Saturday, 10 January 2015

Basic T-shirt (tank) Dress - Creating Vertical Front Darts

A lot of off the rack 'body con' dresses are made without any darts at all, depending on the stretch in the fabric to create the contours.

That's all fine and dandy if you're dealing with a firm body without too many extreme curves, but if you're particularly curvaceous or even the littlest bit squidgy, you do run the risk of either losing definition by going too loose, or looking like you've wrapped yourself unflatteringly in some kind of clingfilm. By adding darts, you can get a nice shape around the best bits, without too much squeeze on the huggable bits.

So for this post, I am taking the Basic Tank Dress (or t-shirt dress) and adding vertical darts to the front. I've already illustrated including bust darts and back darts in earlier posts.

This is super easy, and makes for a more fitted shape under the bust. Since this is stretch fabric, the dart is not as deep as it would be on a woven fabric. This drafting is for stretch fabric only.

Yay darts. Have I told you how much I like darts? I really like darts.

Built on this pattern.
The Basic Tank Dress or T -shirt Dress was built on the darted tank top, already includes back darts. You will need the bust point, under bust line and waist line marked on the pattern.

Using the bust point as a guide, draw a vertical line down the body, extending from the bust point to just below the  fulness of the hips.

This creates two intersections.
I mark a point 3cm below the bust point.

 For many of us, the thinnest part of the body is under the bust. I found from my previous makings of the tank dress, I want to bring the dart in 2cm under the bust, and about 1.5 cm at the waist.

This is easy to test, you put your tank dress on, and pinch and pin to make sure you've got the right amount. It makes a funny shaped dart, but a lot of the waist shaping is already in the pattern piece.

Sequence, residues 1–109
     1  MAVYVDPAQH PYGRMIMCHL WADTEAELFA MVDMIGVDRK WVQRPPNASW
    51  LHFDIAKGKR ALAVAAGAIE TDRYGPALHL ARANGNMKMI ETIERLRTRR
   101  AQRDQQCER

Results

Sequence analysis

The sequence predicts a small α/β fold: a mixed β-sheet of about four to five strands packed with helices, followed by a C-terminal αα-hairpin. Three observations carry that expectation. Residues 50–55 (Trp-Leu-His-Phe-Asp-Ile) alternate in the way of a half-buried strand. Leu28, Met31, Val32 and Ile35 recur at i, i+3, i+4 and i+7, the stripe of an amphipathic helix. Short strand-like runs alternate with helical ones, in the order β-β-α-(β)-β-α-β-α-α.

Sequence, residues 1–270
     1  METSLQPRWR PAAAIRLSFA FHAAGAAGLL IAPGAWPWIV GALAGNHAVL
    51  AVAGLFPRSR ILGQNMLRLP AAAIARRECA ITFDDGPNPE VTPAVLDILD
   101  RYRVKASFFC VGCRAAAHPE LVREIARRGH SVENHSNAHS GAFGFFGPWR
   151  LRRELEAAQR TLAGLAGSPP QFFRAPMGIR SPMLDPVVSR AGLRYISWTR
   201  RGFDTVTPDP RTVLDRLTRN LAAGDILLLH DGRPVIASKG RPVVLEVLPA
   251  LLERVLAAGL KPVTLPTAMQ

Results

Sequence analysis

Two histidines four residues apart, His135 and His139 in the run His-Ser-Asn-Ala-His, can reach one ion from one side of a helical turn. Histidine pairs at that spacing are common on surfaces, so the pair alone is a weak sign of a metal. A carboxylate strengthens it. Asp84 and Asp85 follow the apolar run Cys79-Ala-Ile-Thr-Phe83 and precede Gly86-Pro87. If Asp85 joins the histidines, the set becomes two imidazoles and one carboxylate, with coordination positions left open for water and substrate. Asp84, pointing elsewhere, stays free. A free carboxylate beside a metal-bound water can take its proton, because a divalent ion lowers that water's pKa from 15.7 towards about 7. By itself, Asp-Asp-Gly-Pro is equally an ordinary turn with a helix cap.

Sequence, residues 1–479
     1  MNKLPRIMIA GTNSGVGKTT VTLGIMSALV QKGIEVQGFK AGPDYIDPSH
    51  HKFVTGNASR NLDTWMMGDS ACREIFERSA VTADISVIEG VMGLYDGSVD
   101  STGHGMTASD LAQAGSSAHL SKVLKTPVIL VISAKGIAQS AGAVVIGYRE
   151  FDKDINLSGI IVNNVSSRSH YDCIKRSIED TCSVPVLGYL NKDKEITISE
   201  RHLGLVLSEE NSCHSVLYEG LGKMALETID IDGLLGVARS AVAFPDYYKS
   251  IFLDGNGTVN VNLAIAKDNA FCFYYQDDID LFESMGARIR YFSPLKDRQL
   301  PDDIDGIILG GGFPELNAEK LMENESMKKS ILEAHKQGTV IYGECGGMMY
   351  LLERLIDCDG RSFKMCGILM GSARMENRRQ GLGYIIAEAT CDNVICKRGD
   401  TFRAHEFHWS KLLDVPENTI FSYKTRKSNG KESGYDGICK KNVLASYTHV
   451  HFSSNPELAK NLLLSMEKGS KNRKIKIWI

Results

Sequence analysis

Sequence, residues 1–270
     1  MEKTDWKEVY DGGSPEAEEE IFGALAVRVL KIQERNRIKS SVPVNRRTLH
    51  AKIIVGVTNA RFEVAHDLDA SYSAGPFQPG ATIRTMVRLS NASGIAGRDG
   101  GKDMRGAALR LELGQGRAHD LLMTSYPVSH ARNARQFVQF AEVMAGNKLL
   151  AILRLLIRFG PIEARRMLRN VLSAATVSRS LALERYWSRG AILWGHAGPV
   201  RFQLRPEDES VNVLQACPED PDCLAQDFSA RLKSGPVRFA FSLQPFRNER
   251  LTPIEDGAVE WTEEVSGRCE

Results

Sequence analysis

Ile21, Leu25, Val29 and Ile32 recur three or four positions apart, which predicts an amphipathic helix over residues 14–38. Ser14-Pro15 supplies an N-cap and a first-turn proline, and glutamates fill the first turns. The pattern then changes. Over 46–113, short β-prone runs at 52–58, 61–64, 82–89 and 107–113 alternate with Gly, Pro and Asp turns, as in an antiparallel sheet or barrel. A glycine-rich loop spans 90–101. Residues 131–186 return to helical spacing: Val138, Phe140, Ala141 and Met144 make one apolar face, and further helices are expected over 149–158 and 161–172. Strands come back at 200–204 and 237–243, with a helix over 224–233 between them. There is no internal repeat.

I mark in those points on the intersections.

I draw in the dart according to the points.

It might look a little wonky, but it does make a great shape.
If that bothers you, you can extend the waistline out by the difference and redraw the side seam to even it out.

The first time you make the pattern with the front darts, you may want to baste them first and test the fit.

You may find the front hem lifts a little because of the contour, in which case curve the front hem line to be about 1cm lower directly under the bust points, rather than completely straight across.

These are a couple of quick dresses I whipped up to show the front darts. I've put sleeves on the darker dress as the weather is cooling off. The pattern for the sleeve is copied off the original t-shirt pattern and then extended.

Looking at the darted version alongside a similar dress with no dart:

You can see the difference in the contour here. (I'm trying to find a dignified way to say 'look at my bust' but it's hard). The t-shirt dress without a dart doesn't hug as closely. Both are perfectly wearable, but in terms of building other designs, the closer fit is very useful. The Cerise Snake dress has a shaped band under the bust which needs to sit closely, and I did effectively put this dart in there, albeit in a different way.

ANyway. It's been fab. Catch you soon!

1 comment:

  1. Zoe the fit with the dart looks better than the dart less one. Nice work! I've never thought of darts in stretch stuff much maybe I might from now on.